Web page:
Tsunami early warning systems rely on the timely and reliable acquisition of relevant data either from buoys at sea or from tide gauges in ports and its subsequent transmission to warning centres. Satellite communications provide a secure and reliable way to transmit that essential data to such warning centres. The Pacific Tsunami Warning System (PTWC), for example, uses satellite technology both to collect information on the height of waves and to transmit warnings to emergency centres in order to alert communities in case of tsunamis.
PTWC relies on the use of Deep-ocean Assessment and Reporting of Tsunami (DART) technology to detect and measure tsunami waves in the deep ocean. Each DART system is made of an anchored seafloor bottom pressure recorder (BPR) and a companion moored surface buoy. An acoustic link transmits data from the BPR on the seafloor to the surface buoy, which is equipped with two antennas. One antenna uses the Global Positioning System (GPS) to obtain precision location data while the other sends data on ocean levels to the PTWC through the Iridium Communications constellation of mobile communication satellites. When the BPR identifies an event, the system begins event mode transmissions, measuring values every 15 seconds during the initial few minutes, followed by measurements every minute. The system returns to standard transmission after 4 hours of 1-minute real-time transmissions if no further events are detected.
A significant capability of DART is the two-way communications between the BPR and the Tsunami Warning Centres (TWCs) using this Iridium commercial satellite communications system. The Iridium network, through its 66 cross-linked Low-Earth Orbit (LEO) satellites, provides high-quality, real-time data of the planet’s entire surface. Located at only 780 kilometres from the Earth, Iridium’s LEO network provides shorter transmission path, stronger signals, lower latency, and shorter registration time compared to geostationary orbit (GEO) satellites. In space, each Iridium satellite is linked to up to four others creating a dynamic network that routes traffic among satellites to ensure global coverage, even where traditional local systems are unavailable.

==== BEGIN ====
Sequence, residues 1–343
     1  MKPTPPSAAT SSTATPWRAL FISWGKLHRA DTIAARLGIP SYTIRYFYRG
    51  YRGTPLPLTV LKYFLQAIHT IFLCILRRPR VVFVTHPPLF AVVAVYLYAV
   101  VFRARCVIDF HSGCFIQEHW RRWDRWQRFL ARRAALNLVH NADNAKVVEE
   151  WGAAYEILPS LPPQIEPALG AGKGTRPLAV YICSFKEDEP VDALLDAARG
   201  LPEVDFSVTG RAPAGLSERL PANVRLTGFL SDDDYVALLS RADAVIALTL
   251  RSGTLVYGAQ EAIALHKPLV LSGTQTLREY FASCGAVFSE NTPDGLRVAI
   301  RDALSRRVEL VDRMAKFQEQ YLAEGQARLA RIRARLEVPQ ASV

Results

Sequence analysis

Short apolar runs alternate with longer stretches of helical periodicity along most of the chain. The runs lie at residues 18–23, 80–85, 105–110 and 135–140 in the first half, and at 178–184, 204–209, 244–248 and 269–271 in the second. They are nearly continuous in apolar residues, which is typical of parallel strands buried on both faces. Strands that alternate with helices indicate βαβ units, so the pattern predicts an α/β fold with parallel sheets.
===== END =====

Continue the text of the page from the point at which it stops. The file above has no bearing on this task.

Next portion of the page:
Once the data is forwarded from the BPR to an Iridium satellite, the satellite transmits it to the PTWC. Once the experts at the PTWC analyze this data, they can issue tsunami warnings to notify emergency managers, the public, and other partners about the potential for a tsunami following a possible tsunami-generating event.
Compared to terrestrial communications, satellite communications are highly reliable as they are not affected by extreme events that happen on Earth. The National Oceanic and Atmospheric Administration (NOAA), which operates the PTWC, relies specifically on commercial Iridium satellites to carry the signals because the Iridium constellation offers the capability for two-way data transmission. Through Iridium, PTWC experts not only receive data from the DART buoys but can also send signals to the buoys to upgrade software, perform tests or to reboot stations when the equipment is not working properly.
A more in-depth and technical overview of the DART system can be found in the DART programme descriptions and on the DART technology webpage. Real-time DART data is available from the NOAA National Data Buoy Center, whereas a long-term archive of DART data is available at the NOAA’s National Centers for Environmental Information (NCEI). More information on what NOAA is currently doing for tsunami forecasting and warning can be found in the NOAA tsunami programme. To learn more about the different NOAA warning centers, visit the tsunami warning centers webpage.
If you are interested to learn more about IRIDIUM satellite telecommunication, have a look at the overview on the Iridium network. Examples of how IRIDIUM can be used to help in disaster preparedness and management are available here.